Flex cracks are a common problem in MLCC's often leading to loss of capacitance and IR loss. Loss in capacitance is considered to be the most severe issue with regards to the percentage of diagnosed capacitor failures. They can occur in many areas of the lifecycle including manufacturing, device assembly, module assembly and finally during the ultimate application or use. Among the problems that can occur as a result of flex cracks are the previously mentioned insulation failure losses and loss of capacitance. The more critical problem is IR loss since it typically causes malfunction of the device and possibly the entire module. It is a well known phenomenon that when failed devices are analyzed low insulation resistance is a common root cause of failure in MLCC containing devices.
  • [0006]
    Various designs have been described to avoid low IR caused by flex cracks. These include open-mode, floating electrode and flexible termination capacitors. The open-mode design use wide end margins to prevent the crack from propagating into the active area. Floating electrode capacitors use coplanar non-contacting electrode plates with non-terminated plates interleaved between the planes. Flexible terminations create an elastic connection to the substrate, or printed circuit board, so that small displacements at the termination joint on the substrate can be withstood without cracks occurring in the capacitor. In addition, with the occurrence of large displacements the strength of the flexible termination is low enough to allow a preferential pathway for flex cracks to travel.
  • [0007]
    Eliminating flex cracks has proven to be a very difficult task using the techniques currently employed in the art. The present invention provides a unique approach which mitigates the losses in capacitance and IR losses due to stress cracks. The invention is synergistic with other methods directed at mitigating stress damage.
  • SUMMARY OF THE INVENTION
  • [0008]
    It is an object of the invention to provide an electrical component with improved resistance to stress crack failure.
  • [0009]
    It is another object of the present invention to provide a printed circuit comprising an electrical component wherein conventional manufacturing equipment can be used and wherein the capacitors have improved resistance to stress crack failure.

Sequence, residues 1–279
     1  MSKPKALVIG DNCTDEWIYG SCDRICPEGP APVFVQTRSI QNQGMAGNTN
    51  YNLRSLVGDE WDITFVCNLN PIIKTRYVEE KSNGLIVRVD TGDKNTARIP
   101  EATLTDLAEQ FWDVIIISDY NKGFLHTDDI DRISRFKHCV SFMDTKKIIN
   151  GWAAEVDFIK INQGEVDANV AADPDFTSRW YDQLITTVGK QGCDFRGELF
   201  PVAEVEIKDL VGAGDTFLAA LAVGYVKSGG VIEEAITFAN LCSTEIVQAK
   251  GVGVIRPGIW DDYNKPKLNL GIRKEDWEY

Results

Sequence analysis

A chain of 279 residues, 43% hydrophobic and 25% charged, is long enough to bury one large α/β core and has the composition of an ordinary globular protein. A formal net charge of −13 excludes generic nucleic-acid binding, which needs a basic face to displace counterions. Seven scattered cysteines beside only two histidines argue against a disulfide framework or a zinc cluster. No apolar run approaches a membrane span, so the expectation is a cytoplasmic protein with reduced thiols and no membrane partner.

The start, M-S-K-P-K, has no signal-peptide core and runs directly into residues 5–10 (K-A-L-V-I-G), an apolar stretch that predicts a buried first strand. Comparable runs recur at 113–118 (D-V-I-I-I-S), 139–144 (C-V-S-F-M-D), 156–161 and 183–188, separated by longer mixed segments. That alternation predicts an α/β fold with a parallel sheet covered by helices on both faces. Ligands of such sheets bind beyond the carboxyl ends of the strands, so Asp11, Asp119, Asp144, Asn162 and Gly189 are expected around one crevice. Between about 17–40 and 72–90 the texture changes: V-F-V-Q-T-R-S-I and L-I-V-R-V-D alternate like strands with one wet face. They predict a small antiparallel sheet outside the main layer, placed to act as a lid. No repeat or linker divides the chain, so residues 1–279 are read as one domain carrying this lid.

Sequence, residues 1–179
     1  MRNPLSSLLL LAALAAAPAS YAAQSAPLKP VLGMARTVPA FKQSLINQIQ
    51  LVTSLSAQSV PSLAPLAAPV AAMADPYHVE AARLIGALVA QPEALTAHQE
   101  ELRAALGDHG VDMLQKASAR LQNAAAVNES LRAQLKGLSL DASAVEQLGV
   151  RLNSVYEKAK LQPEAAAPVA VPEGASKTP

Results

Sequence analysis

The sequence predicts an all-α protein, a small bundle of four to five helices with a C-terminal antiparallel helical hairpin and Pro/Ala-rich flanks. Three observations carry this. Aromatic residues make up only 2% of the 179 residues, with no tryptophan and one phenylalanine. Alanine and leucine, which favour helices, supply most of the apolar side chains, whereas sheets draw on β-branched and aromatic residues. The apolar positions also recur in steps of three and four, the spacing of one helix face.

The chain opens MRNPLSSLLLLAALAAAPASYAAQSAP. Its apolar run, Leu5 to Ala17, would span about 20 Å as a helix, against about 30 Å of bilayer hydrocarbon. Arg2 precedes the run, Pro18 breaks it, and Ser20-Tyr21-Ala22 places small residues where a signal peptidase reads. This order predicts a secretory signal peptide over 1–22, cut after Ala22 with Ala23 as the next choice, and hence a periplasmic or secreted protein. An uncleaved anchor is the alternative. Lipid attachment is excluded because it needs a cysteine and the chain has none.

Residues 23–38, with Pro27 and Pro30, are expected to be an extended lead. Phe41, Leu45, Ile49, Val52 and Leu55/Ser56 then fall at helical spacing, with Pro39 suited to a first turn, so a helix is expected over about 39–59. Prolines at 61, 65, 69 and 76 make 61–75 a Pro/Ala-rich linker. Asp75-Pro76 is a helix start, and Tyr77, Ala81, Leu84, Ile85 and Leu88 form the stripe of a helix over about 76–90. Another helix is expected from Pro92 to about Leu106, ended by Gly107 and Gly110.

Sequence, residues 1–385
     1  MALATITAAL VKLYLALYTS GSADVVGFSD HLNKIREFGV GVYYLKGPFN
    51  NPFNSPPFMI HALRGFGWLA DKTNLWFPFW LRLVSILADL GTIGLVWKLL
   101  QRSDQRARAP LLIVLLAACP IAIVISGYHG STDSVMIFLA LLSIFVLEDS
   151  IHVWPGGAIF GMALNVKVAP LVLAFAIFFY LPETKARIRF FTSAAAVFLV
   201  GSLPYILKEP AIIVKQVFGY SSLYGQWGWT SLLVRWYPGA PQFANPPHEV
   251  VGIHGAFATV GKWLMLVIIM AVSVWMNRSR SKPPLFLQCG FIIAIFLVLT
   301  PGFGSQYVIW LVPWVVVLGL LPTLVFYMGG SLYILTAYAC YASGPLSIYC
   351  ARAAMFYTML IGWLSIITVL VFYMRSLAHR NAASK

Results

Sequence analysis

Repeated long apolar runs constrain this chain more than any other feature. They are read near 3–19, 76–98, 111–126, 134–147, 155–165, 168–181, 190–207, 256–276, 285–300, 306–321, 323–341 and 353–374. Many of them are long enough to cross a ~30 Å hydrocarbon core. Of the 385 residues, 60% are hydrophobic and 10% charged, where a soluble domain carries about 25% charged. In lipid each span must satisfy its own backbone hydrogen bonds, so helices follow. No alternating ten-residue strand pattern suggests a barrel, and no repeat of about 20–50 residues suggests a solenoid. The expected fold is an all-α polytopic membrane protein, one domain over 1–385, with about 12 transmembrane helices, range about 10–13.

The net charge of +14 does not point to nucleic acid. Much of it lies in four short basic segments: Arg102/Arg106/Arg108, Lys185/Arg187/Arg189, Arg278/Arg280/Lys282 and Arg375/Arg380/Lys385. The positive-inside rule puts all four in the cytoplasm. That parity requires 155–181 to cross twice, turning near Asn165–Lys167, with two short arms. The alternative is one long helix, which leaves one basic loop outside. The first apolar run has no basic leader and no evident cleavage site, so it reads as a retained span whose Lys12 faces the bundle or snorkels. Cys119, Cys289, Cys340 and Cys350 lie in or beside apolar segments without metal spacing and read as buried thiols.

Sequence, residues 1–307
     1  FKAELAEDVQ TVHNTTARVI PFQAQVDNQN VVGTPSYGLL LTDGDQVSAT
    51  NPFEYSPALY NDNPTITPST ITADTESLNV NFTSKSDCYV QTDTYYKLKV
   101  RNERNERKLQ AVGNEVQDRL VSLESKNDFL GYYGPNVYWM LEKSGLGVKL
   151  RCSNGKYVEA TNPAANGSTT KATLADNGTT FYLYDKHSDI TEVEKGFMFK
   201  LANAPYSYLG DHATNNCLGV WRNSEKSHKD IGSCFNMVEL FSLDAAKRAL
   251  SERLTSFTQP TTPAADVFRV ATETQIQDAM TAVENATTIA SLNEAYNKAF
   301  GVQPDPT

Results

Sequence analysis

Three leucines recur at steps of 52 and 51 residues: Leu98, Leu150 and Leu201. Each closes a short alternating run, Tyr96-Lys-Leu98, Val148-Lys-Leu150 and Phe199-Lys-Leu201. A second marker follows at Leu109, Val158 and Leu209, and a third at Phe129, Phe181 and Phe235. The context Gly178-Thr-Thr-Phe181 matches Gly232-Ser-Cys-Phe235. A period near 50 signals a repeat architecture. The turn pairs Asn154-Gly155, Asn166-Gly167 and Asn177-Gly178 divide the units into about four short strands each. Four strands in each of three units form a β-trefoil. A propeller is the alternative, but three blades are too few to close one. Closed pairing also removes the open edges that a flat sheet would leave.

• [0010]
    It is another object of the present invention to provide a capacitor which is insensitive to stress cracks and which can withstand stresses with minimal loss of capacitance.
  • [0011]
    These and other advantages, as will be realized, are provided in an electrical component with a substrate having a planar surface. A capacitor is provided having a plurality of first plates and second plates wherein the first plates and second plates are non-contacting and in common planes. A plurality of third plates are parallel to the first plates and the second plates and interleaved between the planes. A first external termination is in electrical contact with the plurality of first plates and a second external termination is in electrical contact with the plurality of second plates. The capacitor is mounted on the substrate with the first plates, the second plates and the third plates perpendicular to the planar surface.
  • [0012]
    Yet another embodiment is provided in a printed circuit board. The printed circuit board has a substrate with a planar surface and circuit traces on the planar surface. A capacitor is in electrical contact with the circuit traces wherein the capacitor has a plurality of first plates and second plates wherein the first plates and second plates are non-contacting and in common planes. A plurality of third plates are parallel to the first plates and the second plates and interleaved between the planes. A first external termination is in electrical contact with the plurality of first plates. A second external termination is in electrical contact with the plurality of second plates. The capacitor is mounted on the substrate with the first plates, second plates and third plates perpendicular to the planar surface.
  • [0013]
    A further embodiment is provided in an electrical component with a substrate having a planar surface. The capacitor is provided with a plurality of first plates and second plates wherein the first plates and second plates are parallel and alternating with dielectric there between. A first external termination is in electrical contact with the plurality of first plates. A second external termination is in electrical contact with the plurality of second plates. The first plates are separated a distance from the furthest extent of the second external termination. The second plates are separated a distance from the furthest extent of the first external termination. The capacitor is mounted on the substrate and the first plates and second plates are perpendicular to the planar surface.
  • [0014]
    Another embodiment is provided in an electrical component having a substrate with a planar surface. A capacitor is provided with a plurality of first plates and second plates wherein the first plates and second plates are parallel and alternating. A first external termination is in electrical contact with the plurality of first plates. A second external termination is in electrical contact with the plurality of second plates. A first lead frame is attached to the first external termination and a second lead frame is attached to the second external termination. The first lead frame and said second lead frame are mounted on the substrate with the first plates and second plates perpendicular to the planar surface.